Wednesday’s Troll Update

More insane jibber-jabber from isolated eggheads today. Fed funds rate: unch.

I find it too depressing for words that the world stops for this nonsense. Actually, the heartening thing is that only the financial world stops: everyone else, you and I, continue with our business.

In a way, that encapsulates the problem. Aunt Janet and her posse think the world is financial markets. That is a direct result of the financialization of everything that moves, which creates an awful feedback loop. Markets must be ginned, so let’s do something, and when they don’t react, let’s do some more, oh wait, they’re over-reacting, let’s do less…until the powerful ignore everything else.

Everything else is what we do. We work, we earn, we spend, we save, we invest, we sell, we start businesses, we attempt to multiply our assets; this is what used to be known as the “real” economy.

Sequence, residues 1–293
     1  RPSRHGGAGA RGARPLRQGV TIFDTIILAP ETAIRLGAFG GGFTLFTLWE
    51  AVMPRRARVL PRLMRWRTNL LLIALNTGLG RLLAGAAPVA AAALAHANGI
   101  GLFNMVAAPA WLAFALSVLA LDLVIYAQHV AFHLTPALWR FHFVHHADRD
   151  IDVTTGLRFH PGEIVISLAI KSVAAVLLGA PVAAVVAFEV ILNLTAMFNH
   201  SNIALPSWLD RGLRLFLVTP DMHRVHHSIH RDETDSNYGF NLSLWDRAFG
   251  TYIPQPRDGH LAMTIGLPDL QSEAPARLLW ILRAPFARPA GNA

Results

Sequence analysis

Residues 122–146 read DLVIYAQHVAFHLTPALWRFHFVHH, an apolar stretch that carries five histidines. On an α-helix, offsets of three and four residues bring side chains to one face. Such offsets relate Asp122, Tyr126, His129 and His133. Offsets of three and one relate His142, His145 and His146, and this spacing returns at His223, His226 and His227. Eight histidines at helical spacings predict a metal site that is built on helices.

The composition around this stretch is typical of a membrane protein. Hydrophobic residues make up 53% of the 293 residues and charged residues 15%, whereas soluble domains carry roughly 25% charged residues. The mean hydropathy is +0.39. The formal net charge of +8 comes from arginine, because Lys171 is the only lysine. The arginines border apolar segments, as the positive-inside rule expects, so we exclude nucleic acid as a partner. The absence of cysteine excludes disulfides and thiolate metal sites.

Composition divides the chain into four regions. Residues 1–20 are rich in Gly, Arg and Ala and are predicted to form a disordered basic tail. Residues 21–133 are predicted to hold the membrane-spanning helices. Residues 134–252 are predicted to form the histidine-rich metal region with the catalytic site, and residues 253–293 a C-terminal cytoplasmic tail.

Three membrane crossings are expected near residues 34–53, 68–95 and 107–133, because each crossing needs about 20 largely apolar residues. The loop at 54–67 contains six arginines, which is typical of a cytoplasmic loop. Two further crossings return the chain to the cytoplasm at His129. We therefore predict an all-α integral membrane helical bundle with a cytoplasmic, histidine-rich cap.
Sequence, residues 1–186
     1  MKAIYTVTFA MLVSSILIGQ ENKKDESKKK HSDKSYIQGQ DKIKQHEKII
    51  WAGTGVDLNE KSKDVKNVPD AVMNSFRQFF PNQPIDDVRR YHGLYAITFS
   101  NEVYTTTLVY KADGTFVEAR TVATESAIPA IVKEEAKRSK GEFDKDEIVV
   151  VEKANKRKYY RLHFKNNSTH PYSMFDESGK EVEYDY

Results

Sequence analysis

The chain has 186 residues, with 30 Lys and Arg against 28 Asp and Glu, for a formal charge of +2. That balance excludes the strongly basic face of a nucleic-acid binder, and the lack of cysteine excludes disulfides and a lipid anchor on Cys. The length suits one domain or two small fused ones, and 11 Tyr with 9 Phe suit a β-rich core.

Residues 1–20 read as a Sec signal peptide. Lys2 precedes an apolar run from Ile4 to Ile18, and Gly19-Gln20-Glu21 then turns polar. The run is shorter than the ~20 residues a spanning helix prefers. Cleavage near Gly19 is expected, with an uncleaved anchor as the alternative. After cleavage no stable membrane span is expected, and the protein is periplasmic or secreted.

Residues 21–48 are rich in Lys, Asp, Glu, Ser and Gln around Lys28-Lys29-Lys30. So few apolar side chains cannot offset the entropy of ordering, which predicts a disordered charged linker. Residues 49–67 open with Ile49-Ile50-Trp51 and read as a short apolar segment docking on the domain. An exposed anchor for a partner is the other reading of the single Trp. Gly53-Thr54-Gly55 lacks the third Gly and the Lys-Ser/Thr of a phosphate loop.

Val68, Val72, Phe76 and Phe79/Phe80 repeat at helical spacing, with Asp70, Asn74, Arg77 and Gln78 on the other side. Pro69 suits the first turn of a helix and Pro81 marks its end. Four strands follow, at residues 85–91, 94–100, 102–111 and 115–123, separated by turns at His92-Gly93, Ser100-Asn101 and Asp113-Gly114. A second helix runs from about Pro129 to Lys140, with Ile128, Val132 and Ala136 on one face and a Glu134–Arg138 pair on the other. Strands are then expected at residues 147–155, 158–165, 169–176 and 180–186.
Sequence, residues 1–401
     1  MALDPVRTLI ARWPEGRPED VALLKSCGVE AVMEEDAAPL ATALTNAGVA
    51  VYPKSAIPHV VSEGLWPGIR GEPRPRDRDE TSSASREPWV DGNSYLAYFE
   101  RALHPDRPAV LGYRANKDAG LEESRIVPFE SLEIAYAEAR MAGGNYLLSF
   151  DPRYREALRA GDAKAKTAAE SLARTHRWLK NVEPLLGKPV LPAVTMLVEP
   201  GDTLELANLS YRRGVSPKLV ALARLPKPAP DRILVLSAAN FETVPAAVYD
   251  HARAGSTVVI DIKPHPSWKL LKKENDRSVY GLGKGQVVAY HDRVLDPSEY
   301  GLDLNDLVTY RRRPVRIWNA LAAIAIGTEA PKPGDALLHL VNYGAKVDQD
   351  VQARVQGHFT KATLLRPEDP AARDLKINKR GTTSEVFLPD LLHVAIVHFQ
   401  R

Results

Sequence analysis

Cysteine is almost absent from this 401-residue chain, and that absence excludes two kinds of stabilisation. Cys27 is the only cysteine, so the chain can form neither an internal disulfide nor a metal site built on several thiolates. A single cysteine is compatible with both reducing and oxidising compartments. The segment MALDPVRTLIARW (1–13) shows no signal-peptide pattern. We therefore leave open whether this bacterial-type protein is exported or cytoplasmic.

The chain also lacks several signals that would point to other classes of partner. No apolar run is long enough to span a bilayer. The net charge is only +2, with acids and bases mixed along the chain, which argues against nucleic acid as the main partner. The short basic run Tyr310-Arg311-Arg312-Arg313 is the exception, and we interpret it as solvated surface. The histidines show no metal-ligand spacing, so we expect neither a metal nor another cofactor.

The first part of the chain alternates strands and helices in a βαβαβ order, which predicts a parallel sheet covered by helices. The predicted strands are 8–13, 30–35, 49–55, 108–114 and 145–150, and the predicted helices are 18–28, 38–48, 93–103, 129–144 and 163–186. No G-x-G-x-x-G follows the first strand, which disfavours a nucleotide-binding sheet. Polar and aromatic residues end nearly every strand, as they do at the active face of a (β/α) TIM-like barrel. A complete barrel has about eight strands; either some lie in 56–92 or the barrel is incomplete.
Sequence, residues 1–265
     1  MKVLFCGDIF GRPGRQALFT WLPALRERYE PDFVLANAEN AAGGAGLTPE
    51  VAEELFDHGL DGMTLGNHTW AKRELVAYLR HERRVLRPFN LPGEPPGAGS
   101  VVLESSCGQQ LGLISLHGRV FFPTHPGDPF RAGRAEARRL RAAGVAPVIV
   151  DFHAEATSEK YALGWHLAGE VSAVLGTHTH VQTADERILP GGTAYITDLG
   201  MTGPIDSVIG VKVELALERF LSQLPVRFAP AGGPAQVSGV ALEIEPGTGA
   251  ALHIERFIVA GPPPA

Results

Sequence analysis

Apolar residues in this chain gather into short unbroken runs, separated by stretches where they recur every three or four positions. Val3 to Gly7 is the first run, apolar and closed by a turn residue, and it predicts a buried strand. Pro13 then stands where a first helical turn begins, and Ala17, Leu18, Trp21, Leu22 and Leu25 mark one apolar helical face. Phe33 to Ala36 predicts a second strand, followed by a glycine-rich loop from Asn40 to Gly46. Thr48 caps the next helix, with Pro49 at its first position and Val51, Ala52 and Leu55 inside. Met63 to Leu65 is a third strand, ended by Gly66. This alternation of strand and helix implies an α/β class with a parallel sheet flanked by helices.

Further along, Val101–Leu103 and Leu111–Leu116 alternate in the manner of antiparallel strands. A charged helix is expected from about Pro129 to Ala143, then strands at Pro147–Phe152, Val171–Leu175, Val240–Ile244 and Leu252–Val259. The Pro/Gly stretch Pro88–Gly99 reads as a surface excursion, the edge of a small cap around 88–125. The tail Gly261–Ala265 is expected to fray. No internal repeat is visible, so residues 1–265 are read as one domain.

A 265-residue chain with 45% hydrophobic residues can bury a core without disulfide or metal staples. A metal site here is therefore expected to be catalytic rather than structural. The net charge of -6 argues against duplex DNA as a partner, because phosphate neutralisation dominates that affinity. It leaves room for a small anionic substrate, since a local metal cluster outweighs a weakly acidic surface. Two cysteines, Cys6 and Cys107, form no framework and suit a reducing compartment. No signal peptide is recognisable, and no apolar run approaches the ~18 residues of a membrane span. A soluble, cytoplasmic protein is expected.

Unfortunately, elites find the real economy uncontrollable. Chaos does not react so well to central authority. Much easier for those authorities to focus on simple stuff, like keeping big banks and big business happy. They appreciate much more the gifts Aunt Janet bestows.

Let the peasants sup on what sluices down from the castles. They’ll learn to love it. In time.


Aunt Janet pontificated again today. I think this used to be known as Humphrey-Hawkins testimony, a term I kind of liked.

I don’t know what she said, but if it was indeed to congress, the picture that comes to mind is of the ugly girl from school who worked hard and got somewhere talking to even uglier people who did not.

And we don’t need to know what she said because markets, bless their wee souls, told us everything. Look at a chart of the TY or US futures, daily bars, and you’ll see the rush of people buying them.

The only vaguely interesting question is Why? For safety? For the yield? Because everything else looks broken? When all one’s other toys are in pieces, we go back to the simple things, like buckets and spades. Long bonds at this point are the toys for two-year olds. Not broken, but not really of any use either. And certainly not fun.